A HA cluster consists of the following components:
There are five basic failover strategies for resource groups in the market, all of which have different names depending on the vendor:
The primary node owns the resource group; the backup node runs idle, only supervising the primary node. In case of a primary node outage, the backup node takes over. The nodes are prioritized, which means the surviving node with the highest priority will acquire the resource group. A higher priority node joining the cluster will thus cause a short service interruption. The nodes can be different in power, the standby node just being powerful enough to ensure degraded operation.
Two nodes as in Idle Standby but without priority. The node which enters the cluster first will own the resource group, and the second will join as a standby node. This failover strategy is especially interesting if the short service interruption caused by a joining higher priority node is unwanted. Rotating resource groups can get quite confusing if more than two nodes are involved, plus the nodes need to be about equivalent in power.
The primary node owns the resource group. The backup node runs a non-critical application (e.g. a web or FTP server, a development or test environment) and will take over the critical resource group but not vice versa. If the backup node isn't powerful enough for running both the business critical resource group and the non-critical application, the latter may be stopped. Upon reintegration of the failed node, the backup machine will release the resources of the business critical application and potentially restart the non-critical load. The reintegrating primary node in turn re-claims the business critical resource group.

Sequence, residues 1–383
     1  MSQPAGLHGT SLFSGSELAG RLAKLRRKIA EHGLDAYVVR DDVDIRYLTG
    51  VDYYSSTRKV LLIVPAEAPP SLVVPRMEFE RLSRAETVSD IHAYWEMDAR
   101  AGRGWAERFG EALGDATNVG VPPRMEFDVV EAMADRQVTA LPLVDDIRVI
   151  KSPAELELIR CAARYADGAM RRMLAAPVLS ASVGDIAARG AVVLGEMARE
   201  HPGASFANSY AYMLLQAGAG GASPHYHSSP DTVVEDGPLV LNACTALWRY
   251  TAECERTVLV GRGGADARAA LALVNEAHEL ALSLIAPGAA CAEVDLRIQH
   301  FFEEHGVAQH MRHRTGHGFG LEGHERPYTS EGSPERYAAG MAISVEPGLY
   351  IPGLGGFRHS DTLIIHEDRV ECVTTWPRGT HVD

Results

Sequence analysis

This is basically a two-way Idle Standby: two servers are configured so that both can take over the other node's resource group. Both must have enough CPU power to run both applications with sufficient speed -- or performance losses must be taken into account until the failed node reintegrates. This also works nicely in three- or more node configurations.
All nodes run the same resource group (there can be no IP or MAC address in a concurrent resource group!) and access the external storage concurrently. There is currently only one application in the marketplace which makes use of this feature: Oracle Parallel Server. This requires a very efficient concurrent lock manager which may be an option for future extensions. The failover strategy here is basically null: if an application instance fails, the IP address of the failed node may or may not be taken over depending on the clients' intelligence and flexibility.
The application itself is normally not subject to supervision by the
HA software agent. Linux-HA should be completely generic, allowing to
make every application HA that can be run in the background without
operator intervention (e.g. from
cron). Optionally, there
could be a clustering API & library as a future extension,
allowing applications to communicate with the HA software agent
The business critical application's user data must reside on an external storage device which can be taken over by a standby node in case of an outage. This is usually achieved by attaching the storage device in a "twin-tailed" manner (see diagram). Due to length restrictions of the SCSI cabling (25 meters for fast/wide/differential SCSI), multi-host attachments are normally limited to 4 nodes per storage device. The Serial Storage Architecture (SSA) (see section Serial Storage Architecture) supports up to 8 nodes per SSA loop. Both technologies allow for very flexible failover strategies which are also capable of handling multiple points of failure, e.g. multiple standby nodes for a server node, one standby node for multiple server nodes or even multiple standby nodes for multiple server nodes.